We stand with victims and with Canadians. We stand with all of those who want to make our communities safer, which is why we are pursuing an aggressive regime through amendments to the Criminal Code, reforms brought in by the present Minister of Justice.

If the Leader of the Opposition wants to support victims, he should get behind our crime agenda.

Firearms Registry
Oral Questions

2:20 p.m.

Etobicoke—Lakeshore
Ontario

Liberal

Michael Ignatieff Leader of the Opposition

Mr. Speaker, if the government wants to stand behind victims, it will stand with the victims of École Polytechnique and it will stand for a gun registry.

Why will the government not do the right thing and stand with chiefs of police, with legitimate gun owners who believe that the gun registry is an essential measure of public safety and stand with police officers who know they need a gun registry in order to keep officers safe? Why will the government not listen to these voices of reason?

Firearms Registry
Oral Questions

2:20 p.m.

Ottawa West—Nepean
Ontario

Conservative

John Baird Minister of Transport

Mr. Speaker, this government supports reasonable gun control. This government supports reasonable efforts to keep our communities safe.

What we do not support is the billions of dollars that have been wasted on an ineffective gun registry that gave Canadians a false sense of hope that the previous Liberal government was doing something to tackle violent crime. That long gun registry has wasted in excess of $1 billion. We are committed to ending it.

Firearms Registry
Oral Questions

2:20 p.m.

Liberal

Marc Garneau Westmount—Ville-Marie, QC

Mr. Speaker, Polytechnique students are in town today. I am sure that the member for Outremont would like to introduce them to his leader, given that the NDP is still waffling on keeping the registry. Will he do it?

However, my question is for the Conservatives' Quebec lieutenant. He knows that the consensus in Quebec is that the registry should be kept. The Liberal Party agrees with that consensus.

Why is he voting against the will of his constituents?

Firearms Registry
Oral Questions

2:20 p.m.

Provencher
Manitoba

Conservative

Vic Toews Minister of Public Safety

Mr. Speaker, while we support the licensing of people and the registration of prohibited and restricted weapons, we do not support the wasteful long gun registry. It is time to end the criminalization of our hunters and our outdoor enthusiasts.

What we have seen is the Liberals playing games at committee with witnesses and others. We hope that all Liberal and NDP MPs will put the call of their constituents above the order from the Liberal leader and vote to finally end the wasteful long gun registry.

Firearms Registry
Oral Questions

2:20 p.m.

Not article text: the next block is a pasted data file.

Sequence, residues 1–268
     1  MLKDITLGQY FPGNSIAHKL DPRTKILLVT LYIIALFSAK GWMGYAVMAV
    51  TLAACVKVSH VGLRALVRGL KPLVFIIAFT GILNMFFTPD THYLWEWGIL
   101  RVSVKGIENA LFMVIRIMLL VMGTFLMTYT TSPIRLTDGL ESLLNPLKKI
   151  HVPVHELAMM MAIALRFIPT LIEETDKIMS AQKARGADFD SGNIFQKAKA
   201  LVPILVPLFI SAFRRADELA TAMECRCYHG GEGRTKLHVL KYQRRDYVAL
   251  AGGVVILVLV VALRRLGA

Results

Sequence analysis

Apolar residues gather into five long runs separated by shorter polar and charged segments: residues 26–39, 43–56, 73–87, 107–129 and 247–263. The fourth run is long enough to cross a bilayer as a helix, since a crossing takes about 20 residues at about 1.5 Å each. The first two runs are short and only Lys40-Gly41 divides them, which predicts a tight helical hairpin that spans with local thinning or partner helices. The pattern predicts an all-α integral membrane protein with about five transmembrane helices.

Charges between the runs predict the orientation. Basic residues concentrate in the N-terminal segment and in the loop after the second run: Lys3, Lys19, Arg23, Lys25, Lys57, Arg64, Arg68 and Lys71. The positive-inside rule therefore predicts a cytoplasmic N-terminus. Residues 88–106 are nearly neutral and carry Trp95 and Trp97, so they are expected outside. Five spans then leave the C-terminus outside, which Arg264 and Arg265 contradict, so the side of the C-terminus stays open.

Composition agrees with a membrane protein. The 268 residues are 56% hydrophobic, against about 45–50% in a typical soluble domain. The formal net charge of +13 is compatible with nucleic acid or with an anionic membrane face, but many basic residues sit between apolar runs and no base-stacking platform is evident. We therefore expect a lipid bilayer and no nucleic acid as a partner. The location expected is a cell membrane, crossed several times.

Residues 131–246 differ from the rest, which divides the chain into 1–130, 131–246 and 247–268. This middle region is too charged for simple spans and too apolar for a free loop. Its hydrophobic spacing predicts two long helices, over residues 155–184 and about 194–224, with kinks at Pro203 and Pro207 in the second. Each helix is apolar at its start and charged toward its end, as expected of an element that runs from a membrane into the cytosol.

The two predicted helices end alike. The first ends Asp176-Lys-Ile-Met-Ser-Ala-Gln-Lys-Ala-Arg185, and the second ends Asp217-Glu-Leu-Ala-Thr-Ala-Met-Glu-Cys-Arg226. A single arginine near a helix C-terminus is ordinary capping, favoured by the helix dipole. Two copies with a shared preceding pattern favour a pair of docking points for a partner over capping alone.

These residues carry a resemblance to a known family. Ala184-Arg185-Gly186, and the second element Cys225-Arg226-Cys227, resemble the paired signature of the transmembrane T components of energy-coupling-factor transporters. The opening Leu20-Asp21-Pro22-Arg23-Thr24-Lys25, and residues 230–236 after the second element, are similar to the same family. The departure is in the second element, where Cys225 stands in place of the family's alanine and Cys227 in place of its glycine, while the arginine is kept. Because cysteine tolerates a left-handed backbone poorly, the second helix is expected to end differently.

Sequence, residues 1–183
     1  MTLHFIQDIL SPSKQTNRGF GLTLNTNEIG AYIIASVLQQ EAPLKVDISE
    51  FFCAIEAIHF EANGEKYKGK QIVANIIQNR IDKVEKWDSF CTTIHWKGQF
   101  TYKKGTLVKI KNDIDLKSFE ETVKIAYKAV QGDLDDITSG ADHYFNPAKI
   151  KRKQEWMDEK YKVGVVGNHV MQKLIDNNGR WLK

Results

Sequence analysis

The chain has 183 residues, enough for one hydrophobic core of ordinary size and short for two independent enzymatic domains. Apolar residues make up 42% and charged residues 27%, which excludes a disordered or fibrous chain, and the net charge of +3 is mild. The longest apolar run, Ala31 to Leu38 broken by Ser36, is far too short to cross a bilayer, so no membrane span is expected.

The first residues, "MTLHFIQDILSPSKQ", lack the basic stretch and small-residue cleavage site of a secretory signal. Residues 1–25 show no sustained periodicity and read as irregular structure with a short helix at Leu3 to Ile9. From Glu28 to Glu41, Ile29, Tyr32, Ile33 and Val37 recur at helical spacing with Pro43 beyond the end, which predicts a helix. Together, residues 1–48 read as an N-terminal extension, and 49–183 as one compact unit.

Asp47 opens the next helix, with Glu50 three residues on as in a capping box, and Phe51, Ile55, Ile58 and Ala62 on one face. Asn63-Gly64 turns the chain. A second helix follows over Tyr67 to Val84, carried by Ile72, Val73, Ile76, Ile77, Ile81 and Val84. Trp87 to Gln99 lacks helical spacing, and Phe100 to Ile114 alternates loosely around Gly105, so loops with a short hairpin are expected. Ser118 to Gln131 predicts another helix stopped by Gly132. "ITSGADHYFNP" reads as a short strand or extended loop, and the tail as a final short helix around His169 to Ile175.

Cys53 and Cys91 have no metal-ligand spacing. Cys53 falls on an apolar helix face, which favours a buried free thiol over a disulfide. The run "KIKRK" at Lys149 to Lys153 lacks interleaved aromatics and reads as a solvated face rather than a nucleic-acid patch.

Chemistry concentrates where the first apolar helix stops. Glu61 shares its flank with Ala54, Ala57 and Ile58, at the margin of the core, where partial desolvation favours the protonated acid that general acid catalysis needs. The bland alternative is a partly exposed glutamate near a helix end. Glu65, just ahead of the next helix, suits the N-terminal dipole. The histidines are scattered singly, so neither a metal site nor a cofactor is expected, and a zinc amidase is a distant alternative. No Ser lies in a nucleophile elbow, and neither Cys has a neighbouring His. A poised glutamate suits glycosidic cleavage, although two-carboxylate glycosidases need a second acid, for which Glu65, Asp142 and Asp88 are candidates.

Liberal

Marc Garneau Westmount—Ville-Marie, QC

Mr. Speaker, the fact of the matter is that the Quebec Conservatives follow their leader like sheep. As for the leader, he follows the pro-gun lobbyists.

What other explanation is there for the comments by the member for Montmagny—L'Islet—Kamouraska—Rivière-du-Loup to the effect that the firearms registry has nothing to do with the Polytechnique tragedy?

What do the Conservatives have to say to the Polytechnique graduates who have come to Ottawa today? What do they have to say to police, other than accusing them of belonging to a cult?

Firearms Registry
Oral Questions

2:20 p.m.

Roberval—Lac-Saint-Jean
Québec

Conservative

Denis Lebel Minister of State (Economic Development Agency of Canada for the Regions of Quebec)

Mr. Speaker, we will always remember the Polytechnique tragedy. However, I would like to correct my colleague's comments about a Quebec consensus. I travel to all regions where there are forests, and where there are forests there are hunters. All of Quebec's hunting associations have asked us to abolish this registry, which is too cumbersome for them. We are fighting criminals, not hunters.

Status of Women
Oral Questions

2:20 p.m.

Bloc

Gilles Duceppe Laurier—Sainte-Marie, QC

Mr. Speaker, it is just one surprise after another with the Conservative government. Yesterday we learned that it slashed funding for at least a dozen women's groups whose opinions on abortion differ from those of the Conservative Party. Today we learned that the government decided to fund religious groups that believe in the imminent return of the Messiah and translate the Bible into African and Asian dialects.

Will the government admit that the decision to finance religious groups or sects is an ideological decision along the same line as the decision to cut funding for pro-choice women's groups?

Status of Women
Oral Questions

2:25 p.m.

Durham
Ontario

Conservative

Bev Oda Minister of International Cooperation

Mr. Speaker, this government wants to ensure that when we help women in Canada and women abroad, we will do it responsibly and we will make a difference in their lives. This is why we have taken on responsibility for hard-earned taxpayer dollars to help women, and we will do this so they can see that they can have a better life wherever they may live.